- to reduce or exhaust the strength of, as by exertion; make weary; fatigue: The long walk tired him.
- to exhaust the interest, patience, etc., of; make weary; bore: Your stories tire me.
- to have the strength reduced or exhausted, as by labor or exertion; become fatigued; be sleepy.
- to have one's appreciation, interest, patience, etc., exhausted; become or be weary; become bored (usually followed by of): He soon tired of playing billiards.
- British Dialect. fatigue.
Origin of tire1
SynonymsSee more synonyms for tire on Thesaurus.com
- a ring or band of rubber, either solid or hollow and inflated, or of metal, placed over the rim of a wheel to provide traction, resistance to wear, or other desirable properties.
- a metal band attached to the outside of the felloes and forming the tread of a wagon wheel.
- to furnish with tires.
Origin of tire2
- Archaic. to dress (the head or hair), especially with a headdress.
- Obsolete. to attire or array.
- Archaic. a headdress.
- Obsolete. attire or dress.
Origin of tire3
Examples from the Web for tire
Who knew explaining how to change a tire and back out of a ditch could be so seductive?The Golden West Up for Grabs: ‘Painted Horses’ Is the Next Great Western Novel
November 28, 2014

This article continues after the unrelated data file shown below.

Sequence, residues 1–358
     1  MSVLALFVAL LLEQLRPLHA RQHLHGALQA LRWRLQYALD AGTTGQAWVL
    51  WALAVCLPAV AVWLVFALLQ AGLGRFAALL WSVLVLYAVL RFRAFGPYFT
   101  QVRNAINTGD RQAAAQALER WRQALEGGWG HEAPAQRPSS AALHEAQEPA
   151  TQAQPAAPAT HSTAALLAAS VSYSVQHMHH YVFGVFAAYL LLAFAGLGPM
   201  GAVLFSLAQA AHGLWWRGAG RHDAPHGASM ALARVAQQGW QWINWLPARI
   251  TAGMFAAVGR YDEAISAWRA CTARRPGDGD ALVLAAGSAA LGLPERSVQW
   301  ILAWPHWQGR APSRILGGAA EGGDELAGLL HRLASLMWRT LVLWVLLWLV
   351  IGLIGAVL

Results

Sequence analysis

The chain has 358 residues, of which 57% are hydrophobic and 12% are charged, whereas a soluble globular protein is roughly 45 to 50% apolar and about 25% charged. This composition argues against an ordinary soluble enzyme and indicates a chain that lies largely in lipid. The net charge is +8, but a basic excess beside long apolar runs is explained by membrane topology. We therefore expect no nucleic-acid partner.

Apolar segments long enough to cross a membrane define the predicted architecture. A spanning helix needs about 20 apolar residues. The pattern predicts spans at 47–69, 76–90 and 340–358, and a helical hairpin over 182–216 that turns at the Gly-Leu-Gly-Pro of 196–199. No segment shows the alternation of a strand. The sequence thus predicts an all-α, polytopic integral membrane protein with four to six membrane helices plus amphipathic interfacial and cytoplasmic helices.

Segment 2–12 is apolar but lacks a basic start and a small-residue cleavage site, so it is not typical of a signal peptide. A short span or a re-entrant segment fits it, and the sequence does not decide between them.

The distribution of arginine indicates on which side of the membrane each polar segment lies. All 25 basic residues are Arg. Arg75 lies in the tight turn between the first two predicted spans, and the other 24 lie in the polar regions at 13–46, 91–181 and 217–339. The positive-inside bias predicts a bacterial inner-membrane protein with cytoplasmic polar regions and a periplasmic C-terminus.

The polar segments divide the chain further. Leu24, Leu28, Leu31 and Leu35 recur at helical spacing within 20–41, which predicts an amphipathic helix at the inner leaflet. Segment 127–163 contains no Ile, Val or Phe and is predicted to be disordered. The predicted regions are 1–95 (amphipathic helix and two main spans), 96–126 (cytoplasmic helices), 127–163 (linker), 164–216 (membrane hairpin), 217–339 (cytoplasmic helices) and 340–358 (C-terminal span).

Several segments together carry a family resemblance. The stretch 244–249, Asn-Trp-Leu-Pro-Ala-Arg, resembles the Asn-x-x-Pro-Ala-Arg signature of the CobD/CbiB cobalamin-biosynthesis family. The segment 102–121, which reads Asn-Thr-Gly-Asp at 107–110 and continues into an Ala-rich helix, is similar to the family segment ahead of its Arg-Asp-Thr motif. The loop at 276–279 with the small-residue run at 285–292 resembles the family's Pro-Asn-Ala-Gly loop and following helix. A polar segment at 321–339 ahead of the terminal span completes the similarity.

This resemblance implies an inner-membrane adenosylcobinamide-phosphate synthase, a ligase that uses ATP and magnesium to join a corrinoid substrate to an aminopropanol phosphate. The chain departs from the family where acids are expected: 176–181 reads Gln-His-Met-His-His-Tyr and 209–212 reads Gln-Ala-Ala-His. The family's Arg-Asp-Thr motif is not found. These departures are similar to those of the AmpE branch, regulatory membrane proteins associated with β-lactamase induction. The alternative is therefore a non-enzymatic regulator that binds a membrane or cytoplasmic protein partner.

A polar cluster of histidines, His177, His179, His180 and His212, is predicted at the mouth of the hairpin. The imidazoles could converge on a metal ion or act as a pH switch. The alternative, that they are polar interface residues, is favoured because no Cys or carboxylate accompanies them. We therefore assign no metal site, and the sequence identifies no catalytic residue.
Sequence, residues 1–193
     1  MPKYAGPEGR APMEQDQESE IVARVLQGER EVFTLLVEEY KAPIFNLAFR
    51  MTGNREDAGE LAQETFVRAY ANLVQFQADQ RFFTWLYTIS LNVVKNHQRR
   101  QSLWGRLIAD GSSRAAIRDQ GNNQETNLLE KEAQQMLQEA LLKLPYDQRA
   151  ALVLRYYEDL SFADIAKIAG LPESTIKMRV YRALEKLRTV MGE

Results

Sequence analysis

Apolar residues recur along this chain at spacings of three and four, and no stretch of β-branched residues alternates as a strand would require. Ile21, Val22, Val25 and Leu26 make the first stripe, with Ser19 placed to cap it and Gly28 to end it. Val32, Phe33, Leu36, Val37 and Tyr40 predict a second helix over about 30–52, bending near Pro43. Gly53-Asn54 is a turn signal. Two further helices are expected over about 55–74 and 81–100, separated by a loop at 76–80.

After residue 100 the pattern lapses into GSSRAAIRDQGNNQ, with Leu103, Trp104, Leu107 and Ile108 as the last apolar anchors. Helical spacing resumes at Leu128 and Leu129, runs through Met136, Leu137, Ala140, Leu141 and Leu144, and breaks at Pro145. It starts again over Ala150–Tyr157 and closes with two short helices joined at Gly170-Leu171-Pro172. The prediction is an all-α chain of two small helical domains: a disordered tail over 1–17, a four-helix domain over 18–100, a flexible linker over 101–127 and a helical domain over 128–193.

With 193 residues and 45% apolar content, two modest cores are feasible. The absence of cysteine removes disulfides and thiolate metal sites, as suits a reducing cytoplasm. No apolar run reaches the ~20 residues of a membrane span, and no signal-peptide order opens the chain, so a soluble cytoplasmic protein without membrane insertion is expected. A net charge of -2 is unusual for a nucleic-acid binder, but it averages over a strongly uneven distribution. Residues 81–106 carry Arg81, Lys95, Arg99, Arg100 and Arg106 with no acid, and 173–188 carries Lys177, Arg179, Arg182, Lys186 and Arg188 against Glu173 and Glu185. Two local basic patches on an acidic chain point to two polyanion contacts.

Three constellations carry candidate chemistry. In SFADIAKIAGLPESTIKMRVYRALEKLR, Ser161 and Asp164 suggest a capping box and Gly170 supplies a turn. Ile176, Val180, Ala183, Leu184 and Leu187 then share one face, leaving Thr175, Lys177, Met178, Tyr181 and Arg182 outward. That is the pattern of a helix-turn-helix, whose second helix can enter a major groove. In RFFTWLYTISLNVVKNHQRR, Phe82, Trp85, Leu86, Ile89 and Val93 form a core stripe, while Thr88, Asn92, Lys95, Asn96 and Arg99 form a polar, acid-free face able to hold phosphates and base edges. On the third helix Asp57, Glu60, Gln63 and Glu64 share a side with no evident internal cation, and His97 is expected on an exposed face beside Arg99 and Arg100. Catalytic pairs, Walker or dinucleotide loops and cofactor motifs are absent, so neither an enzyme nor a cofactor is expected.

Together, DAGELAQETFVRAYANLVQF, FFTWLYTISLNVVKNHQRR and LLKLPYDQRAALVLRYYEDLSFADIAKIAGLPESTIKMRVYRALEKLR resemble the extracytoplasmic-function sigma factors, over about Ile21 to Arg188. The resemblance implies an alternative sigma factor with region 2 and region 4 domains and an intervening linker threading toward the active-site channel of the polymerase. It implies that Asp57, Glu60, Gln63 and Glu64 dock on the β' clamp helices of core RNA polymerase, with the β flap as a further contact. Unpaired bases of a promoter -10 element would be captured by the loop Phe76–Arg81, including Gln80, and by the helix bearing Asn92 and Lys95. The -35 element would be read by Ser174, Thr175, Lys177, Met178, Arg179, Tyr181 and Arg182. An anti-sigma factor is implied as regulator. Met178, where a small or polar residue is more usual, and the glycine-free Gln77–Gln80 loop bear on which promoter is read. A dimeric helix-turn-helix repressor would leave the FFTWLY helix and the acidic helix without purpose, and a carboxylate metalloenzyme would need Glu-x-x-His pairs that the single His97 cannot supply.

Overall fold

The two U.S. entities, along with the RDIF, last year acquired a majority interest in a leading Russian tire maker, Voltyre-Prom.Exclusive: Did This Manhattan Firm Help Shield a Russian Fund From Sanctions?
November 10, 2014
Eventually, even the most enthusiastic diner will tire of going to his restaurant.Cornel West’s Disappointing Decline
October 23, 2014
An untold number of gay Iranians, like Ali, tire of the harassment, fear and hiding, and leave Iran permanently.A Maple Syrup Mecca for Iran’s Gays
August 10, 2014
And she memorably threatens her boys with a tire iron when they aim to strike out on their own.Is There a Ma Joad for the Piketty Era?
July 1, 2014
Would he annoy her, enrage her perhaps, or even worse, tire her?The Spenders
Harry Leon Wilson
Cost me thirteen dollars to repair one; vulcanize the tire, y'see.
Why didn't he go outside and get things ready for the tire setting?In the Midst of Alarms
I couldn't be a doll, for men to look at and then tire of me.
Or they might tire of the Nile, and wish to tear back to Cairo by train.It Happened in Egypt
C. N. Williamson
- (tr) to reduce the energy of, esp by exertion; weary
- (tr; often passive) to reduce the tolerance of; bore or irritateI'm tired of the children's chatter
- (intr) to become wearied or bored; flag
- the US spelling of tyre
- an archaic word for attire
Word Origin and History for tire
"to weary," also "to become weary," Old English teorian (Kentish tiorian), of unknown origin, not found outside English. Related: Tired; tiring.
late 15c., "iron rim of a carriage wheel," probably from tire "equipment, dress, covering" (c.1300), a shortened form of attire. The notion is of the tire as the dressing of the wheel. The original spelling was tyre, which had shifted to tire in 17c.-18c., but since early 19c. tyre has been revived in Great Britain and become standard there. Rubber ones, for bicycles (later automobiles) are from 1870s.